• If you don’t feel safe while on the bus, move closer to the bus driver and, if necessary, make contact with her/him.
• If you feel that the bus driver is driving recklessly, let them know this and, if necessary, report them.
• Try to get to know the bus timetable before traveling – at least learn whether they go once per hour, per half hour, etc.

Trains:
• As with buses, get to know the timetable, as you could have a long wait at a secluded station. Usually, security staff are available, but not always.
• When going under subways, ensure that there are a variety of other commuters using the subway with you. If it is just you and one or two others you do not feel comfortable with, then do the uncomfortable thing & go around (i.e. cross a nearby bridge).
• Quiet train stations can be ideal places for muggings, so keep alert while walking to and from the station. Once again, wear comfortable shoes & see if there are houses or shops nearby to go to if you feel threatened.
Find a busy carriage to sit on and avoid being alone one a carriage. For some reason, possibly because of the seclusion of the carriages, predatory/creepy figures appear more prevalent on trains. This may only be personal experience talking, however. Seek out other people to sit near in any case.
• Trains are good places for pickpockets to strike, particularly when they get crowded. Keep your belongings close & your pockets empty.
• Leaving the station & walking through the taxi ranks, be sure to walk confidently & not be intimidated by groups of people who may attempt to tease or harass you. Once again, get to know certain regular figures in the area (e.g. shopkeepers, other commuters, etc.) so that if you do feel you are in trouble, you have people to turn to for assistance quickly.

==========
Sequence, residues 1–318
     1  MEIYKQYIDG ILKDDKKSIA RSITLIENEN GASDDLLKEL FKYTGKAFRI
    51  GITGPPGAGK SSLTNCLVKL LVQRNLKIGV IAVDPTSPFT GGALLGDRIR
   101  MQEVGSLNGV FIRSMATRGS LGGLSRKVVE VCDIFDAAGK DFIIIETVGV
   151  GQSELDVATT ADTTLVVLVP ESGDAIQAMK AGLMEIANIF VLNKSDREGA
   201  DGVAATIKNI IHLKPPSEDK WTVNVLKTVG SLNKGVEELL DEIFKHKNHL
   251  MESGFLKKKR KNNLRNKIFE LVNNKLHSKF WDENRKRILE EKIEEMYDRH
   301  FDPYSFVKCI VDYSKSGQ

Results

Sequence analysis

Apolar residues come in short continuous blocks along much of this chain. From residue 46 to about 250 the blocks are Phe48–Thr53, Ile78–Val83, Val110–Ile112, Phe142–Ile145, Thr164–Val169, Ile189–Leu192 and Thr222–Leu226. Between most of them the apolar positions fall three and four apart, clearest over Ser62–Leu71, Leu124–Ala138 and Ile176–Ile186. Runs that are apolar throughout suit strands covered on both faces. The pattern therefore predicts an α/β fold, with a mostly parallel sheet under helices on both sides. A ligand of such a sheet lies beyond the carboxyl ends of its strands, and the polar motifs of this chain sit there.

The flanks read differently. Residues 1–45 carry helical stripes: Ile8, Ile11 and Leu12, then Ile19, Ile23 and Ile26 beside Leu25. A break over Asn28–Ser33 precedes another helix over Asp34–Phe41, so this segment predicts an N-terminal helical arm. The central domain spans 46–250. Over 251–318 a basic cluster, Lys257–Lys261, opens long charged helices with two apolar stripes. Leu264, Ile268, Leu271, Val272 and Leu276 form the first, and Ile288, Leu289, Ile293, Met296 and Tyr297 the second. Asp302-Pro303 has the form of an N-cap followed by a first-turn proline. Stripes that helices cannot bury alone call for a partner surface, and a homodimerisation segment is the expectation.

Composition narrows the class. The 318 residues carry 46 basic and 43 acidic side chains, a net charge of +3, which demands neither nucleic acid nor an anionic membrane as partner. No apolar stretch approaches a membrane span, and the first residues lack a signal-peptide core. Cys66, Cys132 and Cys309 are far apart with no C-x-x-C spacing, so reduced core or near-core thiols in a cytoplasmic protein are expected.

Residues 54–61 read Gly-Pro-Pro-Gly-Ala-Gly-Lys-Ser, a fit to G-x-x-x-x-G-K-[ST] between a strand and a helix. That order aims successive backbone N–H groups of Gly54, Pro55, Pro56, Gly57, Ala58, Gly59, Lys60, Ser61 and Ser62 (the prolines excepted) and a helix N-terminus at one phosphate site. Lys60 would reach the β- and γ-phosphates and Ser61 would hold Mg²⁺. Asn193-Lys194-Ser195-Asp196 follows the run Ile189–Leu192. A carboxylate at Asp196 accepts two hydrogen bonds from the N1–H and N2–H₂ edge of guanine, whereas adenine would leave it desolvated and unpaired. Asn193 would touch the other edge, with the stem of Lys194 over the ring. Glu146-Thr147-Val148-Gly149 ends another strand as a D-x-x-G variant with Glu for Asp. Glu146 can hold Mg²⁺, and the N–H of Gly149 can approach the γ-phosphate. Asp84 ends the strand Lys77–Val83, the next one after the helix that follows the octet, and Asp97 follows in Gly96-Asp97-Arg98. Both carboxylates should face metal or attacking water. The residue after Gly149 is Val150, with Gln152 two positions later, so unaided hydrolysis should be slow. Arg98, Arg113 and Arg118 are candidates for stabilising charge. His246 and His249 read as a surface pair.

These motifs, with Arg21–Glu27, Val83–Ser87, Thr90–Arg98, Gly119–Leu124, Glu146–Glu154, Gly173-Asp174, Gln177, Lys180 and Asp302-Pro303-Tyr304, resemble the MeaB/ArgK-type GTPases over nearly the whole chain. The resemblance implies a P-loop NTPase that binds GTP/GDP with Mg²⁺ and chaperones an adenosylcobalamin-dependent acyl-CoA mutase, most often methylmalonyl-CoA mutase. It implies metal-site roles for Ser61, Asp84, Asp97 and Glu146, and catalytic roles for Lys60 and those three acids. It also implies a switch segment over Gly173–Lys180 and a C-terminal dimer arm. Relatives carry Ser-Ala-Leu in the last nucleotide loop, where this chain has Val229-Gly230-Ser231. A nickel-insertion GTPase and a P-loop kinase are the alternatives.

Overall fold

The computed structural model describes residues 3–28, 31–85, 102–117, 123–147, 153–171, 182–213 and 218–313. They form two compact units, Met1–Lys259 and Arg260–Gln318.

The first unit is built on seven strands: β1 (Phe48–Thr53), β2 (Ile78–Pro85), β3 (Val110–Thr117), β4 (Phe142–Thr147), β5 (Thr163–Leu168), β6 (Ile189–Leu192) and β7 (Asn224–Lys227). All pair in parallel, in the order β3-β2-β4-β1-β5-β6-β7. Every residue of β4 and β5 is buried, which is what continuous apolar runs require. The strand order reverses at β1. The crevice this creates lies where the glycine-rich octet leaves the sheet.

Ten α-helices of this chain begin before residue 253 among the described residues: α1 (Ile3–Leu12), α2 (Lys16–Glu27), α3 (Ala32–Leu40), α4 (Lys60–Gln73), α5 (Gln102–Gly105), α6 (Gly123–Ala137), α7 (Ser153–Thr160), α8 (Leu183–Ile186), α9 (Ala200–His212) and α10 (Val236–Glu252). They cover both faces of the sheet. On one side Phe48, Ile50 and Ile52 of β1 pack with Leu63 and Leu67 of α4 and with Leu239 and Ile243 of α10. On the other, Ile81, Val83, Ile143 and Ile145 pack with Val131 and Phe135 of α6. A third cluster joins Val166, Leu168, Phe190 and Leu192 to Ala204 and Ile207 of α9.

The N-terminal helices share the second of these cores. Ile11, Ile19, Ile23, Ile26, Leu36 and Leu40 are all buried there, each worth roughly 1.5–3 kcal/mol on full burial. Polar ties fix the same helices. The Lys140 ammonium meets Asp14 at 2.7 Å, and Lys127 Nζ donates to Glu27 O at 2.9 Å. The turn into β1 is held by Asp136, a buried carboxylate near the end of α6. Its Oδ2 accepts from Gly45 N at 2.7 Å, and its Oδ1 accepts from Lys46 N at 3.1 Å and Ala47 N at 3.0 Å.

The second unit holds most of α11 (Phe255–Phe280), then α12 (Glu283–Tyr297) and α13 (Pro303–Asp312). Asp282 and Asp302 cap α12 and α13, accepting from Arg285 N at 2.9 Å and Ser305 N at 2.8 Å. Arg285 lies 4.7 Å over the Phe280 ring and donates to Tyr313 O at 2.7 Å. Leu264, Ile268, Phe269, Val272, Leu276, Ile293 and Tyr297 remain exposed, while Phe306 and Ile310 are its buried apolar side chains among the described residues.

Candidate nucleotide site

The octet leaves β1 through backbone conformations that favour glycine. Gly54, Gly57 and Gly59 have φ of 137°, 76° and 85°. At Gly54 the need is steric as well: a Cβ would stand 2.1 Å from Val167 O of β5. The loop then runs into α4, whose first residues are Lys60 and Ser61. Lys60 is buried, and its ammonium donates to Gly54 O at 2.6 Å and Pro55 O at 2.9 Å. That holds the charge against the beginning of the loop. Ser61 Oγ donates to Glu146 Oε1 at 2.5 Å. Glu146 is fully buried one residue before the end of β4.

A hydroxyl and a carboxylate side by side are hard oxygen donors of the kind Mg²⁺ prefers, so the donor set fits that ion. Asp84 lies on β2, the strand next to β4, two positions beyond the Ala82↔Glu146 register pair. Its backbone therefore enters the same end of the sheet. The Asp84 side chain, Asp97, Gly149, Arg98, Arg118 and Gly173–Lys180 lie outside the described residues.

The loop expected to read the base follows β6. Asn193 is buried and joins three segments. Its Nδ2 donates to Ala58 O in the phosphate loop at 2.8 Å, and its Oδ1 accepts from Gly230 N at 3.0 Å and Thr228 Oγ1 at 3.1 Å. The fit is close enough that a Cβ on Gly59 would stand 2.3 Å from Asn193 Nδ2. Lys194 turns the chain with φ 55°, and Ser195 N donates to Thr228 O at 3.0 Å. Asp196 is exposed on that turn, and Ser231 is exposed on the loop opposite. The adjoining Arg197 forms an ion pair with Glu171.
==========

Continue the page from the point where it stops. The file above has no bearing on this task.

• Even escalators in train stations can be easy robbery spots. Don’t be complacent while using them, as valuables are easily grabbed by robbers going in the opposite direction.
• Don’t let paranoia make you stand out or cause you to be careless. Act like you own the place.

taxi safety cape town

Photo: Kriss Szkurlatowski, http://www.sxc.hu/profile/hisks

Cabs:

  • Use trusted, branded cabs.
  • Ensure they have seat belts & use them.
  • Don’t take the cab if you feel the driver may have been drinking or too tired to drive.
  • If traveling alone & you feel unsafe, there are plenty of cab companies you can call up & order a cab from, rather than using one off the street.
  • Once you find a cab driver you really like & trust, try to get his/her company card & request him/her  if you can.

My Citi Bus

  • Beware of dying of old age while taking the central bus route via Long St.

 

 

 

 

Advertisements

Leave a Reply

Fill in your details below or click an icon to log in:

WordPress.com Logo

You are commenting using your WordPress.com account. Log Out / Change )

Twitter picture

You are commenting using your Twitter account. Log Out / Change )

Facebook photo

You are commenting using your Facebook account. Log Out / Change )

Google+ photo

You are commenting using your Google+ account. Log Out / Change )

Connecting to %s